I enrolled in a 300-hour yoga teacher training in October as part of my keep-busy-while-I-figure-out-my-life program. I’ve spent the last eight months bending and stretching in physical and non-physical ways that I didn’t know were possible. I’ve learned a lot about the truth and how its expressed in the body. I’ve learned a lot about my tendency to procrastinate. Its now midnight two days before my final weekend of yoga teacher training and I find myself up to my eye balls in sheets of paper that I’m supposed to have been steadily filling out, writing out the alignments, contraindications, benefits and more for seventy-five poses in detail. I have left myself with forty-seven more to go in less than forty-eight hours. Brilliant. As I sit here, further procrastinating on the work that I could have done months ago, I recall something I wrote at the outset of my training. And I recall that as much as I stress, procrastinate, beat myself up, angst, distract myself, and multitask, I will never “get it done.” When I say “it” I mean it in the grander sense of the word. Yes, I will most likely cross a few million things off my to-do list in this lifetime. But the constant striving to “get it done” is more or less for naught. Because it will never be done. Here’s what I wrote back in September. Maybe I’m just trying to let myself off the hook for not having done my homework, but I think there’s some great spiritual truth in here. Or at least I hope so.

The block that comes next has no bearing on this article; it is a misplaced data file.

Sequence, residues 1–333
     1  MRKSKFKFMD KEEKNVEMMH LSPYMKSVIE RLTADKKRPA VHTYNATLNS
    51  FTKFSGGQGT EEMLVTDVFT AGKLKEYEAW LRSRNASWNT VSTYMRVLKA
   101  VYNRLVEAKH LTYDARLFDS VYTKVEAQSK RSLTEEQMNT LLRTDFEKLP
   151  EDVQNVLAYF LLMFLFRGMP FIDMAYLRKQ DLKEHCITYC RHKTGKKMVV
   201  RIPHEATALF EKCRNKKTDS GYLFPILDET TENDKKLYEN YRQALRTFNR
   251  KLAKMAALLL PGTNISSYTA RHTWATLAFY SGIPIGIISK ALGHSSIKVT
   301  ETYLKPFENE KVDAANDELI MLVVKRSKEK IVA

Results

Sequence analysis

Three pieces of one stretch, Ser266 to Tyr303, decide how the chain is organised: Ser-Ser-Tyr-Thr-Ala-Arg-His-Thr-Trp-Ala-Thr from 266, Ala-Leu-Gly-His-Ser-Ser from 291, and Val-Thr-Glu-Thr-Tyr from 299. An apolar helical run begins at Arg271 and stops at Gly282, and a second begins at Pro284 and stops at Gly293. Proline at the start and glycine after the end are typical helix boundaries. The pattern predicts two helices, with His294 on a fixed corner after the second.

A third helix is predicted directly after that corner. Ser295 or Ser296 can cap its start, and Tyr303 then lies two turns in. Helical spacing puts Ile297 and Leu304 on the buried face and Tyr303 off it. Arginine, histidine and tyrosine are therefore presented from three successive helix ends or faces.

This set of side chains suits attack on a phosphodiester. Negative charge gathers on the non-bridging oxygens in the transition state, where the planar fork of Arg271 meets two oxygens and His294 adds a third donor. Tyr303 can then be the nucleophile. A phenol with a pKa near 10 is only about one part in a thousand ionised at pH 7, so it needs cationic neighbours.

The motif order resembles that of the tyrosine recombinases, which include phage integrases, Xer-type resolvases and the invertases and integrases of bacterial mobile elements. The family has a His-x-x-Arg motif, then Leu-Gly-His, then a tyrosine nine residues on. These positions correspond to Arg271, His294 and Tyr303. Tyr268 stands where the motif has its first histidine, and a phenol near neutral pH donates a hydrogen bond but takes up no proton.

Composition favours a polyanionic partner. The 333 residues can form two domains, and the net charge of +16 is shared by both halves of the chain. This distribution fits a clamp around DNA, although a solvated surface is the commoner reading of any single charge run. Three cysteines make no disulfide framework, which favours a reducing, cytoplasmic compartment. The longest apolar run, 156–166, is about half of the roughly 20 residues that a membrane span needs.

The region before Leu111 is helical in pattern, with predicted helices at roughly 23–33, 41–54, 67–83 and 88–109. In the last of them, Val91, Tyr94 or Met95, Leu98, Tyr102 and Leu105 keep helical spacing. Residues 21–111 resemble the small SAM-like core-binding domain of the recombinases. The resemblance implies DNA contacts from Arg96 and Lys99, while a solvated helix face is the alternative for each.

Here I am on day two of this 12-week Gaiam Yoga Club series. Standing Poses Video: check! I skipped two days in between the first videos which are supposed to be done sequentially in one day —too busy —priorities not straight —who really knows why but I keep reminding myself that my timing is perfect and if I can’t seem to carve out 5 minutes in a day to do a yoga video then it’s a growth opportunity! Thank you Colleen for reminding us to come to this gently and not to make it just another thing we need to do. It’s an honor, a treat, a privelege —aaah, now that feels much better.
So I’m doing the second video on Tadasana and I’m giggling with Rodney and Colleen as I spread my pinky toe and press down on my big toe mound and try to figure out how the heck I’m supposed to lengthen my inner heal —another growth opportunity —for now I hope that visualizing it is enough. So there we are —Tadasana. Tadaah! And then Colleen says there’s no pose. It’s all movement. It’s a dance. And I burst into tears! What?! The sheer reminder that there is never an end point —we are never done —it’s all movement —it’s a dance. I can dance in yoga. It’s all movement. I can dance in my life. It’s all movement. I’ll never be done. I’ll never be “there”. There is no pose.
I’m a dancer. I’ve danced all my life and been in class since I was three years old. I’m a very physically capable person and I catch on in dance class, yoga class, and any class fairly quickly. So I approached the Tadasana video with: “I’ve done this before, this is easy” as my attitude. How hard can it be to stand, right? Ooops, my mindbodyspirit had another thing in store for me this morning. Paying attention to the simplest ”pose” and being fully in my body and standing like a vessel and listening to myself and to Colleen —it all allowed me to hear her say those words: “There is no pose. It’s all movement. It’s a dance.” And being in that place of clear, relaxed, power, where I had let my brain go (as suggested), allowed me to feel into a place of remembering that there is no pose. I will never be done. It’s all movement. Being done is not the point. There is no endpoint. Just be here now. Stand in Tadasana and cry. Let yourself dance it tiny micro movements. Let yourself never be done. Let yourself be.
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